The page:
The Price of a Price: On the Crowding out of Social Norms
There is increasing empirical and experimental evidence that providing financial incentives to agents to perform certain socially desirable actions may permanently reduce other types of motivations to undertake these actions. We study the impact of financial incentives on the desire for social approval, using the example of blood donation. We show that in a society with altruists and egoists, who all care about social approval, introducing a payment into a voluntary system may actually decrease the amount of blood donated. Withdrawing the financial incentive does not restore the norm to donate and may reduce the supply of blood even further.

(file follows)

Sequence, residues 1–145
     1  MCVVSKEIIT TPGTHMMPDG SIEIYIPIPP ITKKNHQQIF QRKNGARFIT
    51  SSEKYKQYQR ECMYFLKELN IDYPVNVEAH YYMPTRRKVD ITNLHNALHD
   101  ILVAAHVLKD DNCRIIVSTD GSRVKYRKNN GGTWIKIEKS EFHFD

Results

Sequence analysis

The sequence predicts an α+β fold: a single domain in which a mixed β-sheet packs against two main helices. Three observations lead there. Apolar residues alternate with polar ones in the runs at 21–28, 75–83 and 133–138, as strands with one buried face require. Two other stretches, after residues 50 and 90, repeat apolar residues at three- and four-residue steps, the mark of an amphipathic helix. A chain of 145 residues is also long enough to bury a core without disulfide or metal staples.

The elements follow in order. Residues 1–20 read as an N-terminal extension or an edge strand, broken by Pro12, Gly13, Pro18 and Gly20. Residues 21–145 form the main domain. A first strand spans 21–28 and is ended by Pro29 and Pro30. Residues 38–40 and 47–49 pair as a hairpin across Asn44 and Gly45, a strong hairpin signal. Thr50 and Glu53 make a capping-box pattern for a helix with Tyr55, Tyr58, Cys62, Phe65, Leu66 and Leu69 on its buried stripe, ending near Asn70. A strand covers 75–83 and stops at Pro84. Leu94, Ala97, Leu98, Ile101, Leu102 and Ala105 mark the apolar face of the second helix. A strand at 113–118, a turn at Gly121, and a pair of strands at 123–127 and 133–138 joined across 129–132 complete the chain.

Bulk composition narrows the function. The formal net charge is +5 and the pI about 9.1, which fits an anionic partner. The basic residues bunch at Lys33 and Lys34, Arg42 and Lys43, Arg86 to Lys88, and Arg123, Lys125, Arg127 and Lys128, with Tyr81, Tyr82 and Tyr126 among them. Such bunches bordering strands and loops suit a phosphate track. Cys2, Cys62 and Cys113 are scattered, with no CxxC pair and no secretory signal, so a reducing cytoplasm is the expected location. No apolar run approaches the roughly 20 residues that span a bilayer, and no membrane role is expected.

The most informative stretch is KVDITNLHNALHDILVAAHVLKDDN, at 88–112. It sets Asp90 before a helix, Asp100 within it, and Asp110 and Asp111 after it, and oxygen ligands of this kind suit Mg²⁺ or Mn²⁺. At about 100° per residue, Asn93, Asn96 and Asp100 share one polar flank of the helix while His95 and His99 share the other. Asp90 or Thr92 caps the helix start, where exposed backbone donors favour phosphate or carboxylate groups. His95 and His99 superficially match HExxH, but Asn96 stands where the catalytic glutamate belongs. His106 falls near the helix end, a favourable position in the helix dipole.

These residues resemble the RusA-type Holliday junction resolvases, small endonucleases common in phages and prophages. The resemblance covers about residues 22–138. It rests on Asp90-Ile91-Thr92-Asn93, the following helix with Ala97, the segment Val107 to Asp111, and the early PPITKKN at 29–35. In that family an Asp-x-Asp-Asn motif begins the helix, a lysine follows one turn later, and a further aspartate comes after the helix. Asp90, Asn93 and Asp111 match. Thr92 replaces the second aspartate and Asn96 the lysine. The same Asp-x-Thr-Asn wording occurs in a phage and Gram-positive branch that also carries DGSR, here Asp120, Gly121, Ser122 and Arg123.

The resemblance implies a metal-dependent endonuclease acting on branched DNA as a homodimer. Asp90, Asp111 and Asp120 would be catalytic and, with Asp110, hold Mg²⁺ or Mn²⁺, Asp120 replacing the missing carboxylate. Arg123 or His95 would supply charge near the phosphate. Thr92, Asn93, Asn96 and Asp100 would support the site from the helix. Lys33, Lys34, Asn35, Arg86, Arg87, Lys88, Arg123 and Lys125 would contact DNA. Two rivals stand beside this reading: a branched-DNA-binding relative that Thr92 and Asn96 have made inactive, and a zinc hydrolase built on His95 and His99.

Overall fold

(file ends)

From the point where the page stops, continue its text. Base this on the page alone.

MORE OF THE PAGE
|Keywords||health policy, intrinsic and extrinsic motivation, network effects, social norms|
Janssen, M.C.W., & Mendys, E.. (2001). The Price of a Price: On the Crowding out of Social Norms (No. TI 01-065/1). Retrieved from http://hdl.handle.net/1765/6861